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Canon vs Nikon

canon, nikon, cameraThe competition opposing Nikon’s fans against Canon’s supported is an age-old one, each putting the pros and cons in a sometimes esoteric debate. With the introduction of digital photography in the 90’s and, most importantly, the recent drop in prices, the strife between the two Japanese manufacturers has taken a new and even fiercer turn. In the Middle East though, where mouth-watering prospects are fueled by a well off and IT-savvy potential customer base, Nikon has to battle on a ground where, despite a network of 14 distributors, market leader Canon enjoys a 40 years old enduring direct corporate presence.

New mass market

According to a 2005 study by market research company IDC, unfortunately the latest available figures, the regional market size for both digital cameras reached 930,000 units for a total value of $350 million. Out of this, Digital SLRs (single lens reflex cameras) represented 3.4 percent in 2004 with 7.9 million units. But IDC expects the SLR camera market to reach 7.9 million in 2009, or 9.6 percent of total anticipated shipments, and to eventually drive future growth. Significantly, Canon ME posts a 30 to 40 percent annual growth in the region.

Indeed, business is being boosted at more than one level: the range offer keeps being widened with manufacturers spending big bucks on R&D - Canon invests 30 percent of profits on development of new technologies. The ideal camera is yet to debut: customers want longer battery life, larger color LCDs, sleeker, more compact designs.

Besides, all players - including heavyweights Nikon and Canon - are now coming up with more accessible prices, attractive to masses - first-time buyers, professionals and techies switching from analogue to digital. In fact, whereas SLRs were priced at $2,000 and up, Canon made a huge point by introducing three years ago its middle-end Digital Rebel EOS 300D for $1,000. The trend was set by this major hit; soon enough, Nikon’s D70, also tagged at $1,000, was the firm’s best-selling item.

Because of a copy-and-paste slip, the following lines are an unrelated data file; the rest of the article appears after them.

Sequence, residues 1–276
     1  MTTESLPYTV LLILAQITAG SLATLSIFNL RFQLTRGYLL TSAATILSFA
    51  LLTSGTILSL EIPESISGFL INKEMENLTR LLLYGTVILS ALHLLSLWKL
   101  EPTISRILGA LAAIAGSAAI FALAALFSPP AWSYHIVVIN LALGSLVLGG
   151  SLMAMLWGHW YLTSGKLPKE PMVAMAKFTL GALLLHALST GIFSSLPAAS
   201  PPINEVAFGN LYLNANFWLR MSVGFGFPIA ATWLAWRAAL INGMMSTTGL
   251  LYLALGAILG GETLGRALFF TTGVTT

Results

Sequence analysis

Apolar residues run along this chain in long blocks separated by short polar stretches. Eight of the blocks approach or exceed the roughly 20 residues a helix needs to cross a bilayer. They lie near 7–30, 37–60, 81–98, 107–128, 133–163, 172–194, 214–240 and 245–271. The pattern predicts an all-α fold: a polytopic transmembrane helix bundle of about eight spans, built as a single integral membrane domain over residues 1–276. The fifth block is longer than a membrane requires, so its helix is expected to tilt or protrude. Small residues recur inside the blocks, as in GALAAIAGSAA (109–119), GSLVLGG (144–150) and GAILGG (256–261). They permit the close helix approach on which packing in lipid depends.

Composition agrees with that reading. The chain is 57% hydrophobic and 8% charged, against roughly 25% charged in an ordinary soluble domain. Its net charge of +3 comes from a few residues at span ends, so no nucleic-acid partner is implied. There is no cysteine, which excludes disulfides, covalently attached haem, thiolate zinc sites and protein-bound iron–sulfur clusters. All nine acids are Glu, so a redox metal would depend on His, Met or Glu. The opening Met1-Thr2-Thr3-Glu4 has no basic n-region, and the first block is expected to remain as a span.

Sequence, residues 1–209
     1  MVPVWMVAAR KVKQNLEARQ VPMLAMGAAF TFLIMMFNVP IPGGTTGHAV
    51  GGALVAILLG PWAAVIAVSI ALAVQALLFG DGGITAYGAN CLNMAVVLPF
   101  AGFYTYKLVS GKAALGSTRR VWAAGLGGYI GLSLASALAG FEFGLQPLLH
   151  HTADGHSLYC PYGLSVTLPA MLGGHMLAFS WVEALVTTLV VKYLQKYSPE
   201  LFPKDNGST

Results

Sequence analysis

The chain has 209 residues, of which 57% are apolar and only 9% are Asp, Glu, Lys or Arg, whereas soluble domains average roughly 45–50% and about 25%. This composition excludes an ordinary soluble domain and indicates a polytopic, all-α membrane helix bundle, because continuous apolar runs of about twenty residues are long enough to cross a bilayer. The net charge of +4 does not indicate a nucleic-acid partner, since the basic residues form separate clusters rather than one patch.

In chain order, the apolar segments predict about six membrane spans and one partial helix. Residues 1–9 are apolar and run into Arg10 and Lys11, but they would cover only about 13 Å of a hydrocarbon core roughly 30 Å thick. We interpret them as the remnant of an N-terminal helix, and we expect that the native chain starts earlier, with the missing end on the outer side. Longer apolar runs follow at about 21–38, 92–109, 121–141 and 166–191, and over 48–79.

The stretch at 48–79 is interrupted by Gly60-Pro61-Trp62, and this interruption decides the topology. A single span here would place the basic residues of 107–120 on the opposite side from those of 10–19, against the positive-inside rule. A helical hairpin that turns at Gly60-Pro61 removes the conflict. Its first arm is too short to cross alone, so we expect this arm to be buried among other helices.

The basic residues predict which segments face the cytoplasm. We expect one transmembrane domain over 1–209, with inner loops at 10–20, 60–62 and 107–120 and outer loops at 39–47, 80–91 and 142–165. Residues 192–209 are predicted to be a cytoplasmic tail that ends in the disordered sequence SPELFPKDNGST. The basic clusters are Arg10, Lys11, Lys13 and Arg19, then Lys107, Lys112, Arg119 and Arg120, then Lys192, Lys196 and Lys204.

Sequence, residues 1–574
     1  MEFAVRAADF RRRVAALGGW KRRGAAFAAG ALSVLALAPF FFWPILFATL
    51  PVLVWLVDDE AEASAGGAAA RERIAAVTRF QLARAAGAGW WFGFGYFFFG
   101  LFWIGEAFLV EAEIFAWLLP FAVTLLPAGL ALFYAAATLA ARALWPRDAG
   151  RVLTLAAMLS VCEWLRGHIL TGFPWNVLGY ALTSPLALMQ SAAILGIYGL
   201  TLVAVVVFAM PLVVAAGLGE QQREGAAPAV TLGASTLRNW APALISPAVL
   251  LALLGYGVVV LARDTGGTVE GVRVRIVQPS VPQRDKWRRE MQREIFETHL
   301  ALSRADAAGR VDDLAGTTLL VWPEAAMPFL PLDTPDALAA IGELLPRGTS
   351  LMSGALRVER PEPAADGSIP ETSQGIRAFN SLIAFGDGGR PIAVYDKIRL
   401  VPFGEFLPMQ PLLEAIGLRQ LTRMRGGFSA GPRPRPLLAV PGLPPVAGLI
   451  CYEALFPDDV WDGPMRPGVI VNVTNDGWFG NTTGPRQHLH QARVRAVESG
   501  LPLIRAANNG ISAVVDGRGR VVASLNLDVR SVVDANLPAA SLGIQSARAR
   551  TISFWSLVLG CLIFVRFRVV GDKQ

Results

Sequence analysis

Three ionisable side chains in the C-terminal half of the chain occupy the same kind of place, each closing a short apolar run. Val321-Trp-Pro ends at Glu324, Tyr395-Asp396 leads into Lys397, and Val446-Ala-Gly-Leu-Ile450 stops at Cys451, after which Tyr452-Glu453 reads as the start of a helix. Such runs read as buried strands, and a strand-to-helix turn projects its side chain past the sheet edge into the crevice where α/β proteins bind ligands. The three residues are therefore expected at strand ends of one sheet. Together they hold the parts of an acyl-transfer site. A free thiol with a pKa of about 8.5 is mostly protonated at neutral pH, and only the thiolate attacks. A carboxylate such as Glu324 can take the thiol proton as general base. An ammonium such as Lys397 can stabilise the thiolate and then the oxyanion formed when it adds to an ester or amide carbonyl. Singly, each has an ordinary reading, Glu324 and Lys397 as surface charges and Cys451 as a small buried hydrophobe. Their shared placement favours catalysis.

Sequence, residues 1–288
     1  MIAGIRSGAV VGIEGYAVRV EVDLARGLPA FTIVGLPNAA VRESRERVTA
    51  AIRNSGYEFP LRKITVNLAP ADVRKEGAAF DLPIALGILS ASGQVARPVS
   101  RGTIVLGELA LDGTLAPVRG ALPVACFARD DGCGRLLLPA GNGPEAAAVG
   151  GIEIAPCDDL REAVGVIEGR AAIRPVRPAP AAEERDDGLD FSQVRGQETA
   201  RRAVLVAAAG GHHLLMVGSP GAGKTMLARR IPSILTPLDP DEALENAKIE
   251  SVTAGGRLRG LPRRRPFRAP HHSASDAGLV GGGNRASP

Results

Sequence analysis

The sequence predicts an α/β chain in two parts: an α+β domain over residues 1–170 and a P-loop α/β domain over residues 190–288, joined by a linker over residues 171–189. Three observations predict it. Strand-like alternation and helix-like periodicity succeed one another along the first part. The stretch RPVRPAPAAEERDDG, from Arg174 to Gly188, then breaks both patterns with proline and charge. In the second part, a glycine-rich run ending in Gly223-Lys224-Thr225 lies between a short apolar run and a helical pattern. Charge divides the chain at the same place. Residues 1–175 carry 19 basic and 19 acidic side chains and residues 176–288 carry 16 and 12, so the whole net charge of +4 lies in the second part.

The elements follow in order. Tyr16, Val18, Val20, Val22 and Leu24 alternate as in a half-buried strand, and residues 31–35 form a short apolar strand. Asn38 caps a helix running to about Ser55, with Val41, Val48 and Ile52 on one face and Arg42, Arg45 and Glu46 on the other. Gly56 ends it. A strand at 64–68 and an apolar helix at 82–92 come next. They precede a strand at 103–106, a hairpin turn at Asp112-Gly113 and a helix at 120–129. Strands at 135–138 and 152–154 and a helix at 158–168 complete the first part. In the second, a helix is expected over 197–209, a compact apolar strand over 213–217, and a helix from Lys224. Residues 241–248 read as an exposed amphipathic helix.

Specs fights

So, with price ranges roughly similar (even if Nikon remains slightly more expensive than Canon) and reputations both worthy of praise, competition takes place, arm-wrestling style, on technical performance, as shows the display of letters and numbers added to each model’s name. Canon’s Rebel XT EOS 350D (as opposed to the Rebel 300D) was expected to close up the technical gap with Nikon’s D70, but the latter swiftly fought back with an updated D70S and so on. More pictures between charges (600 pictures for the Rebel XT and up to 2,500 for the D70S), longer lasting batteries, enhanced resolution (8 megapixels for the new Canon, 6 megapixels for the D70 and the original Rebel), speed (three shots a second instead of two), faster picture transfer to computers, etc.

While Nikon keeps the upper hand with regards to specs, the Rebel XT hit a soft spot by becoming the smallest DSLR on the market with a body 15 percent smaller and 10 percent lighter than the original, available in either silver or black.

Something to show

When dealing with digital SLRs, options and accessories are obviously a must, if only to get the camera to operate properly and at its full capacity. But beyond technical considerations, loyalty to the brand is a major issue in a field where users become all but fanatical. In that regard, Canon - which has been represented in the Middle East for over 40 years - is in a better position than Nikon to make itself known to future buyers; in 2001, the company transformed its representative office into a full fledged subsidiary and moved to Dubai Internet City in 2002. Two years later, it opened an office in Cairo and in 2005, Canon ME took complete ownership of Canon North Africa, based in Paris. The company now manages 30 countries in both the Arab world and French speaking African countries. This heavy corporate presence allowed the brand to get involved in various regional events - and thus increase awareness - such as sports (it sponsored, among other things, the Africa Cup of Nations 2006), development activities, education, etc. In comparison, Nikon’s actual presence in the region looks nothing but discreet.

The verdict

In his blog, Community Guy, Jake McKee (a Nikon fan) says Nikon could in at a better long term position. The reason? He says it’s because Nikon understands that the line between pro’s and hobbyists is disappearing, whereas Canon still maintains a distinction between the two.

A poll, being conducted by Cnet News .com, asks the question


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